When I first started in education as a paraprofessional, I was drawn to our students with emotional and behavioral disorders (EBD) and Autism spectrum disorders (ASD). I quickly formed bonds with them and, through our relationship, could put out most fires during the day. As such, my colleagues called me “The Whisperer.” With any challenging behavior, they would be sure to call Richard in to help fix the problem.
I realized then, early on in my career, that relationships are the foundation of a quality education. I think I was first drawn to the Special Education Legislative Summit because it gives you the opportunity to quickly build those teacher-student relationships, but with your representatives.
Advocating at an event like the Special Education Legislative Summit tests your ability to show your sincerity, love, and dedication to exceptional children. It allows you to teach those who have not been in a classroom in years what it is like, praise them for the successes, and encourage them to continue to fight the injustices that are in our educational system.
We are exceptional educators from our hearts first. The Summit allows you to take your heart, wear it on your sleeve, and show just how special each and every student in America is. I want to show how each student deserves the right and access to a quality education, and how ALL students need to learn social and emotional literacy to become positive, contributing members of society.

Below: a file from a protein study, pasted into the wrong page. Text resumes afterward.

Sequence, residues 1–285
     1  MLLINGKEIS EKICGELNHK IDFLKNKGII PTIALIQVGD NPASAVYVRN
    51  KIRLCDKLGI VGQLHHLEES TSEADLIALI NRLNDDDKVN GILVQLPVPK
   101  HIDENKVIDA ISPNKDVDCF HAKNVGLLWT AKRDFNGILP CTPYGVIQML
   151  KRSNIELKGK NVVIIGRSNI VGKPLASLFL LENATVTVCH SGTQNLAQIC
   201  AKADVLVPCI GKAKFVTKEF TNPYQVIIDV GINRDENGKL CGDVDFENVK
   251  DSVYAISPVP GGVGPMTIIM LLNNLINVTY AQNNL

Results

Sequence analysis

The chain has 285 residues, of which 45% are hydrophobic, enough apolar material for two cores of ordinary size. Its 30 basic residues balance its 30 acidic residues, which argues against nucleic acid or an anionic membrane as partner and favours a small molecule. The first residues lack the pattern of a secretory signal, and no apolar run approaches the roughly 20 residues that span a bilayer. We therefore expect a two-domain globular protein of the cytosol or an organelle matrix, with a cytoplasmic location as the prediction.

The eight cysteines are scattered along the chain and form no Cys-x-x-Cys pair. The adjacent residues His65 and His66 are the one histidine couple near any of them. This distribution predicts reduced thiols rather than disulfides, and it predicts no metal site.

Perhaps most of all, however, I am looking forward to the Summit because it will give me the opportunity to tell the great stories of my amazing students with EBD. How they wake up everyday with challenges most adults have and may never face, come to school, and excel socially, emotionally, and academically. I am excited to talk intimately with my representatives about how my students still don’t have full access to the general curriculum and the needs of my students as they relate to the nation.
I anticipate a great day on the Hill to engage others in my passion. I hope to see you all there!
Richard Williams is a special education teacher for students with emotional and behavioral disorders (EBD). Williams has worked in general education schools in self-contained EBD classrooms and two special education centers for students with severe EBD. He has a master’s in special education from Clark Atlanta University and is currently working towards a doctorate in special education from The George Washington University with a focus on students with EBD, transition plans, and preparations for post-secondary life. An active CEC member, Williams has been a Reality 101 blogger as well as a member of the Yes I Can and Diversity Committees. Outside of the classroom, he is a plant-based lifestyle and animal rights advocate who runs a blog of book reviews and current events. In his spare time, he loves to read and go on hikes with his dog.